(His 1999 book, Ripples from the Zambezi: Passion, Entrepreneurship, and the Rebirth of Local Economies is really great for understanding how he learned to just "shut up and listen" -- watch his TED talk -- but it's not as pragmatic as this book.)
The main point of this book (subtitle: "a simple guide to combining business wisdom with passion") is that few entrepreneurs succeed on their own. Teamwork is
- A startup product or service needs attention to production, marketing and finance. Pretty much everyone is better or worse at each of these skills.
- Teams share the burden of work as well as limiting (not) brilliant ideas that can derail or distract efforts to produce value for customers.
- Communication among team members forces them to quantify and qualify ideas that may be "obvious" in their head but make little sense when explained to others.
- Passion ("suffering") is important for entrepreneurs, as success is neither quick nor inevitable.
- Outsiders are usually ignorant of what a community needs (the development aid trap), so they should try to find and enable passionate locals with solutions.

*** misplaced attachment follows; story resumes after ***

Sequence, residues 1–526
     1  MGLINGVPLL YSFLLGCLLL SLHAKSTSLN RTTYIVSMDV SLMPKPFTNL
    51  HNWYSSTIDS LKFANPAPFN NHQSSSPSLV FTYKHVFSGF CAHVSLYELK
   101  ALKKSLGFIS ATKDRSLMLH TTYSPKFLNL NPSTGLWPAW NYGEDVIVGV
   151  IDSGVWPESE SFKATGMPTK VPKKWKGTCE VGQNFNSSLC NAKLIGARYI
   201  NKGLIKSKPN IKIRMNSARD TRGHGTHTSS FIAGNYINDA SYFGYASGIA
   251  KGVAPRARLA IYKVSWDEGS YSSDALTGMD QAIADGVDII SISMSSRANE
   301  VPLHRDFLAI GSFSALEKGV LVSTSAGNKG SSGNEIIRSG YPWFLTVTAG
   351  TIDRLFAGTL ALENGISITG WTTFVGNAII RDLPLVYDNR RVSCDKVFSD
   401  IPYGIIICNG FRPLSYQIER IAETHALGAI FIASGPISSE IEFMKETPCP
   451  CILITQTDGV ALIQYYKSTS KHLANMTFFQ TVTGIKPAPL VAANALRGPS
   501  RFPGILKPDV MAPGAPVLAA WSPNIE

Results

- Entrepreneurs often have good ideas but little experience. That's why they may need partners who can speak from experience and/or fill in areas where the entrepreneur is weak.
- Every team must have at least one person with a comparative advantage in each of the big three roles: production, marketing and financial management (P, M and FM). A division of labor improves time allocation, speeds decisions, and drives innovation on each of these critical margins.
- If you don't like (or can't do) P, M or FM, then find someone who can. They may even work for free if they have passion.
- Good production people are always looking to improve but don't let perfection prevent sales!
- Good marketers genuinely want to help people, not dump crap on them.
- Good financial managers can help you understand where you are and where you might go, using only realistic numbers.
- Investors back teams, not ideas. A good team will write a good business plan. A bad business plan means the team is too weak in talent or cooperation.
- "Entrepreneurship is much more a social game than an individual one. The most striking characteristic of a successful entrepreneur is perhaps the ability to identify, cultivate, and use other people’s competencies."
- If you need a partner for P, M or FM, then find someone you like in that area and ask for a referral. They may not be free, but they probably know someone who is.
- "Solitude is the death of the entrepreneur. Just as you must look inward to understand your passion, you must look outward to find others to help you. Success in business rests primarily on these two actions. Never be reluctant or embarrassed to seek assistance, and do so with prudence and optimism. Remember, there are “magical helpers” out there waiting for a passionate “hero” to commit to the entrepreneurial journey."